Not surprisingly, The Neptune Nudniks let Pallone spin the stroy
By Art Gallagher
The Asbury Park Press has finally reported Congressman Frank Pallone’s interference with the Food and Drug Administration on behalf of a campaign donor.
After receiving campaign contributions from ReGen Biologics, a Hackensack based medical device manufacturer, and its executives in 2008, Pallone, Congressman Steven Rothman and Senators Frank Lautenberg and Robert Menedez , the four legislators pressured the FDA into approving ReGen’s Menaflex knee patch. Menaflex had previously been rejected twice. This week the FDA reversed the decision and announced it was rescinding the approval.
Pallone told the Asbury Park Press that what he did was routine, what he would do for any constituent.
ReGen is in Hackensack which is not in the 6th congressional district. ReGen CEO Gerald Bisbee, who along with his wife Linda contributed $32,000 of the over $50,000 contributed to the legislators and the Democratic party, lives in Connecticut. John Dichiara, the company’s government affairs director, wrote checks for $20,800. He lives in New York.
Pallone told the APP that he has three staffers who help residents who are having trouble with government red tape.
Patrick Donohue hasn’t given any money to Pallone either. Maybe that is why Frank won’t release H. Con Res. 198, a resolution recognizing Pediatric Acquired Brain Injury as the leading cause of death and disability in the United States for children and young adults from birth until 25 years of age and endorsing the National Pediatric Acquired Brain Injury Plan, from the committee he chairs.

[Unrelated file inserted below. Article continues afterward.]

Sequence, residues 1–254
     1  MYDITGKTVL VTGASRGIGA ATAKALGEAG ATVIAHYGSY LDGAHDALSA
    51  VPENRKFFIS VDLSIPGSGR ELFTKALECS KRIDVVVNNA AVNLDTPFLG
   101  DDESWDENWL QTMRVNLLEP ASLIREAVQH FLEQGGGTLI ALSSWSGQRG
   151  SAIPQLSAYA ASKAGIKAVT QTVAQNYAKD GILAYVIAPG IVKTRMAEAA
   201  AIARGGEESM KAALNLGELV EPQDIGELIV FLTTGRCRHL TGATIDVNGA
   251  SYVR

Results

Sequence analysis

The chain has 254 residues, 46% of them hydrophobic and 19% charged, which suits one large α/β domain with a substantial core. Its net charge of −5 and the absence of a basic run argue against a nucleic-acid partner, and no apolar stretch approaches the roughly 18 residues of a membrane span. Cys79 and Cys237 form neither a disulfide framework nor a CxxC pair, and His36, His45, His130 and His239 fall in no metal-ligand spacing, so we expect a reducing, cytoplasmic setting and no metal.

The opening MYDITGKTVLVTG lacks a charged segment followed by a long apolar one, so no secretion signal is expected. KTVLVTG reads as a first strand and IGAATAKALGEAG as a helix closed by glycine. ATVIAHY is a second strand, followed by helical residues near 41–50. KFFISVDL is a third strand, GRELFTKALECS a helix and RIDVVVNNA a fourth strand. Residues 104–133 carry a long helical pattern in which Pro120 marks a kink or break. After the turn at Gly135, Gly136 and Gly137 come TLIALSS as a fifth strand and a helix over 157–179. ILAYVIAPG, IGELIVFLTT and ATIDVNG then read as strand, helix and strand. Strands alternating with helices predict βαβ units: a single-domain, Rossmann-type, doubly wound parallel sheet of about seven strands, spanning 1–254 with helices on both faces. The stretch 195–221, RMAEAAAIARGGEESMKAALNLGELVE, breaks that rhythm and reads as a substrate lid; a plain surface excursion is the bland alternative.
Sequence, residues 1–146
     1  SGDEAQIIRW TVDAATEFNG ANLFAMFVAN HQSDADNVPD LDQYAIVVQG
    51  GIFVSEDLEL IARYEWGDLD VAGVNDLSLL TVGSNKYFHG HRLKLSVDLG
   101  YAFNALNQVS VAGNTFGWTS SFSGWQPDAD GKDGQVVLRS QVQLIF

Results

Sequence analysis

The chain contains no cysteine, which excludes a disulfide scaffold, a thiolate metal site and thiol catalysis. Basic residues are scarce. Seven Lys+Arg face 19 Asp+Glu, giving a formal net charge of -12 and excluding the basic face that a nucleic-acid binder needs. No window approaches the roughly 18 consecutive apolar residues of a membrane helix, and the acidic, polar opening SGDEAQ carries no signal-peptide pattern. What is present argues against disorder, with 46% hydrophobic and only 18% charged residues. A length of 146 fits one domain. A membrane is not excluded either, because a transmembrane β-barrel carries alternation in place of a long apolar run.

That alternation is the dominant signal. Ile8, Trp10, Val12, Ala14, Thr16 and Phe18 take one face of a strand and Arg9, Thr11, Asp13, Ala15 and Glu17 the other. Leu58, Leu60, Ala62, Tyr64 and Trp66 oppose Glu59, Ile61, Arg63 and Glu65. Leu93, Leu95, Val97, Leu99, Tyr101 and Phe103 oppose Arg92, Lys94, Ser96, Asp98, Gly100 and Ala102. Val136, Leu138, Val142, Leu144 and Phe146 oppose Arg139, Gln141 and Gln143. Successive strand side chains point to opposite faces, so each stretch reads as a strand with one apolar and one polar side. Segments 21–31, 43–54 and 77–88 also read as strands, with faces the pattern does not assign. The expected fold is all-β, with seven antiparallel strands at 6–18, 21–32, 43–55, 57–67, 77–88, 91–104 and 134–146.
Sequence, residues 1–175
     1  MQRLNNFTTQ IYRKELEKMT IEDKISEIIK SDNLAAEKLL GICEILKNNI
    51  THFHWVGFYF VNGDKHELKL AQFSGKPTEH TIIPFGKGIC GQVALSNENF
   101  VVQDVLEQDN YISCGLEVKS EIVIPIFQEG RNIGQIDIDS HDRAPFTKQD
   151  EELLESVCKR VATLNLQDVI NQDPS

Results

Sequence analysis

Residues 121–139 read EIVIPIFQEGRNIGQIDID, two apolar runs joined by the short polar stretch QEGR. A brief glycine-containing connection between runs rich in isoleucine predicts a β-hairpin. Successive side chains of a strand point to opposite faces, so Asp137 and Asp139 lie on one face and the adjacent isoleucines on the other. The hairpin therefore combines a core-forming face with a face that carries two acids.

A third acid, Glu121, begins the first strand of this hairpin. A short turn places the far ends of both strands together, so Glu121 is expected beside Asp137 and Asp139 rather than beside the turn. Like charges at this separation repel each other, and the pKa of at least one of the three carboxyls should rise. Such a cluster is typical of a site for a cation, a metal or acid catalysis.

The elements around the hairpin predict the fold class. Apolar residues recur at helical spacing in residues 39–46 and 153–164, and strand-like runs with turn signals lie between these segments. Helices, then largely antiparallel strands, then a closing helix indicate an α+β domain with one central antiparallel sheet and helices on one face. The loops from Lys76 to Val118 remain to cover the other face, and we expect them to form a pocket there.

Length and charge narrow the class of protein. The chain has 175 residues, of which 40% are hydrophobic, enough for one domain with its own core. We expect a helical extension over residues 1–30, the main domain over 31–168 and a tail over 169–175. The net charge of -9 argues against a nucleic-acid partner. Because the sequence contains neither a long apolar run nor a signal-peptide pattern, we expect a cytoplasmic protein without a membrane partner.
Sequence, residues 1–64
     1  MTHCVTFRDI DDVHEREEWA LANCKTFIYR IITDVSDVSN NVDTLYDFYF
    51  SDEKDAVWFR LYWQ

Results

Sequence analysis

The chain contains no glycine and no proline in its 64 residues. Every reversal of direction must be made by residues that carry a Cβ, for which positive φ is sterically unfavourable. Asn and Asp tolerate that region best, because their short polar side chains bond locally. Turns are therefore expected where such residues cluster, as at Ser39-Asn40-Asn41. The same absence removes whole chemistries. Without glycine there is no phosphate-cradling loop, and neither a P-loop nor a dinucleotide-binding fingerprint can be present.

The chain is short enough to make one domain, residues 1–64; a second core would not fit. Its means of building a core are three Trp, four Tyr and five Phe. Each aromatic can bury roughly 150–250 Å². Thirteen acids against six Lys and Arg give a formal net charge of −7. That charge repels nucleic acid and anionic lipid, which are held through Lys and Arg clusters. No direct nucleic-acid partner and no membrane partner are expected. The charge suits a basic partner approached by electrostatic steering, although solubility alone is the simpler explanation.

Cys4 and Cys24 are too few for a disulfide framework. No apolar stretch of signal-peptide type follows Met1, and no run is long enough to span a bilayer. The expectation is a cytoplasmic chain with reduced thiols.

Pallone told the APP that the FDA has mismanaged the project from the beginning. He said that the product is approved in Europe and that, “This is a product that could have helped people. It could have saved people a lot of pain.”
That’s not what Pallone was saying in May of 2009. He, Henry Waxman and Bart Stupak signed a 16 page letter to the FDA raising questions about the ReGen Menaflex approval and asking them to review it. That hardly seems routine. I guess the APP fact checkers missed that.
During his Red Bank town hall meeting in August of 2009, Pallone said “Nancy Pelosi and Henry Waxman are the two finest people I know in Washington.”
Let’s summarize what we know of Pallone’s involvement with ReGen and the FDA so far.
1) In 2008 Pallone received campaign contributions from ReGen executives and then he joined his NJ colleagues Rothman, Lautenberg and Menedez in applying pressue to the FDA to approve the ReGen product.
2) In 2009, Pallone reversed course. He joined Waxman, “one of the finest people he knows in Washington” in raising questions about the ReGen product’s approval and asking the FDA to review it. He did so in a 16 page letter with a signature larger than John Hancock’s.
3) In 2010, while in the midst of the tightest election he has ever faced in his career, Pallone flips again. He tells the Asbury Park Press that what he did was routine, like what he would do for anybody. He said the FDA mismanaged the process from the beginning and that the product could help a lot of people.